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*Scripture verses covered in this section's commentary are noted in italics

Romans 9:14-16 meaning

Verses covered in this passage:

  • Romans 9:14
  • Romans 9:15
  • Romans 9:16

In light of God’s decision to love/choose one brother and hate/not choose the other, we might wonder, “Since God chose Jacob over Esau, doesn’t that make God unfair?” Paul’s answer is clear, “No!” God told Moses that it is up to Him to whom He chooses to show mercy and compassion. We can’t earn God’s favor or His mercy. It’s God who extends it to us.

Paul answers an incorrect assertion likely to be made by the competing “authorities” that God is unjust, if He in fact decided beforehand that those of faith (including Gentiles) inherit the promise, while many Israelites who are descendants of Abraham do not. 

He asks them: What shall we say then? There is no injustice in God, is there (v 14)? He follows up this question with the exclamation May it never be! (v 14). As with other objections to Paul’s teaching of faith from the competing Jewish “authorities,” Paul uses the scripture to refute them. We can infer that the competing Jewish “authorities” had asserted that Paul’s teaching of grace superseding the Law meant that God was unjust. Paul repeats their objection and answers adamantly that God is never unjust (May it never be!). 

Paul shows that God already did something like this when He chose Jacob over Esau. God is just doing something similar by choosing faithful Gentiles over unbelieving Israelites. Paul answers the question whether God is fair. After all, Jacob and Esau weren’t yet born when God decided which one to love. Neither brother had done anything to earn or lose God’s favor. This demonstrates God’s right to decide as He pleases. 

So now if God decides to reward Gentiles with an inheritance, that is His prerogative. God is always just, because He is God. Paul resoundingly says, “God is not unjust. He has made it clear that He gives mercy and compassion to whomever He chooses.” Why? God is God. 

Throughout his letter to the Romans thus far, Paul keeps hammering the point, “It’s not about keeping rules. It’s not about keeping rules.” Religious rules don’t justify us in the presence of God. No number of deeds is enough to justify us in God’s presence, only the work of Jesus can justify us in God’s presence.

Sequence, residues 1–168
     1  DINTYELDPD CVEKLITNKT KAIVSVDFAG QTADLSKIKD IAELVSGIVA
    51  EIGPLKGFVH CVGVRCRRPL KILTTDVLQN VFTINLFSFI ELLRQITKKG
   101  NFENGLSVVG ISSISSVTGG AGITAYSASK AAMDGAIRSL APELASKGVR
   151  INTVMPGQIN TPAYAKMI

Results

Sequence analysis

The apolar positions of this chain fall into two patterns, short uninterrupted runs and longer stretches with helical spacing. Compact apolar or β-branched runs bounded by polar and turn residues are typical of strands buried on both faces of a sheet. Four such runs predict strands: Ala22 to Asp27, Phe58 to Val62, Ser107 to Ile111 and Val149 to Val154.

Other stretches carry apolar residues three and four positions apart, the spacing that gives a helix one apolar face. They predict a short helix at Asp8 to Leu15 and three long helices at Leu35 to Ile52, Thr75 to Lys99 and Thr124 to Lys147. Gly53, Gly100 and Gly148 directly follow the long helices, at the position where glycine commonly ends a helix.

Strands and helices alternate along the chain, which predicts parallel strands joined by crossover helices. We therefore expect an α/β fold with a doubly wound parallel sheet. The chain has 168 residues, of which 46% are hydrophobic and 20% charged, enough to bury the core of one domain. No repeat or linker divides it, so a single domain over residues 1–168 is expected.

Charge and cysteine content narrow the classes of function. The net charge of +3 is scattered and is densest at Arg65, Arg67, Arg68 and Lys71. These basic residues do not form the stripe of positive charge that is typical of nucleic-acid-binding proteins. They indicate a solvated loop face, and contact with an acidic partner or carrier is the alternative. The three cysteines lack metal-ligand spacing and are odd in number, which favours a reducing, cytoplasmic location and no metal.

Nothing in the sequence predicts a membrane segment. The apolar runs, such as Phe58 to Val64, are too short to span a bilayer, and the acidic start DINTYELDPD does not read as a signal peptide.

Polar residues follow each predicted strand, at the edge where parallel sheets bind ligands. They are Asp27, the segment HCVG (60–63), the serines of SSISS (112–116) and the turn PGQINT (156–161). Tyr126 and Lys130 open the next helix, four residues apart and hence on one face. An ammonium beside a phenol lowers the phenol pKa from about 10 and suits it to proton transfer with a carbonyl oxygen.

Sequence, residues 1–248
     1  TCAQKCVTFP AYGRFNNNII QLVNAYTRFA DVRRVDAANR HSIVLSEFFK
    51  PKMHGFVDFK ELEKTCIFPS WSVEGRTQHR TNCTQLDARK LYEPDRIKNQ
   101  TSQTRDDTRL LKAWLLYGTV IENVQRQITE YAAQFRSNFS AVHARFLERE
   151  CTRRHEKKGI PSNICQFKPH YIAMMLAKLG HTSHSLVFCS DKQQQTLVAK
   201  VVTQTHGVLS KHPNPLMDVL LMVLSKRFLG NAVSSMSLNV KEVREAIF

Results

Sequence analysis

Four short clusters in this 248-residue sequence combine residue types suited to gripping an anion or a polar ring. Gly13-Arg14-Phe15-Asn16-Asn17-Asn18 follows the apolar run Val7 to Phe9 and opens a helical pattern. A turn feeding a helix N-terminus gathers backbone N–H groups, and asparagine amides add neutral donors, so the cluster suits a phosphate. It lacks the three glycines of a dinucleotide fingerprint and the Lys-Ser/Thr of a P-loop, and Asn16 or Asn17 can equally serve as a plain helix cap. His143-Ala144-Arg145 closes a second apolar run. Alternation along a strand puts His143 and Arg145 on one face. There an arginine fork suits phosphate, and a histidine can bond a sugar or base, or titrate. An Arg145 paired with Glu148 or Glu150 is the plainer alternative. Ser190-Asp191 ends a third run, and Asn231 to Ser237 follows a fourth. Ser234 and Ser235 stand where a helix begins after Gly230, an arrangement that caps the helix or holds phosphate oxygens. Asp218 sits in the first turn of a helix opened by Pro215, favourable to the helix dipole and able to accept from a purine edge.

Being justified in the presence of God comes through faith (John 3:14-15). Also, living righteously on a daily basis comes by faith: obeying God and living justly is accomplished through faith (Romans 1:16–17). All approval from God is a matter of mercy, because God cannot be held to any standard, and therefore there is no basis to demand from Him. 

It is interesting to note the context of Paul’s quote from Exodus 33:19 in verse 15: For He says to Moses, “I will have mercy on whom I have mercy, and I will have compassion on whom I have compassion.” 

The context of Exodus 33 is that the Israelites had been rescued from slavery in Egypt (by God), Moses has gone up on the mountain to talk with God, and in Exodus 32 the Israelites impatiently demand a golden idol to worship. In response, God wants to wipe them out entirely, and start His chosen nation from Moses’s line. 

Moses asks God to spare the Israelites, and despite their total disregard for God’s commands, God says then He will deal compassion and mercy to whom He chooses (Exodus 33:19). Despite total betrayal, God shows grace. Our default position as humans is sinfulness. We do nothing to earn God’s mercy; we deserve no favor. God shows favor anyway, as He wills to show it: So then it does not depend on the man who wills or the man who runs, but on God who has mercy (v 16)

In the same way, God showed favor to Jacob in a way He did not show to Esau. Neither deserved God’s favor, but Jacob received it by inheriting the promise God gave to Abraham to father a great nation. It is important to note that the subject is the inheritance of the blessing promised to Abraham. It is clear from the earlier chapters of Romans that the grace of God to be justified in His sight is offered completely freely, with no strings, to anyone who will receive it by faith (Romans 3:21-22, 4:3). 

The Greek word “charis” is sometimes translated “grace” and other times “favor.” God gives His favor to whomever He chooses, but when it comes to being justified in His sight through the blood of Jesus, clearly God offers that to mankind freely to all who believe. God also promises to give favor/grace to those who humble themselves (1 Peter 5:5). But God will decide who has humbled themselves; no one can demand of God that they met the “I am humble standard” because there is no such thing. God is God, and all favor He grants is an act of his mercy, for He owes no one anything. 

Biblical Text

14 What shall we say then? There is no injustice with God, is there? May it never be! 15 For He says to Moses, “I will have mercy on whom I have mercy, and I will have compassion on whom I have compassion.” 16 So then it does not depend on the man who wills or the man who runs, but on God who has mercy.




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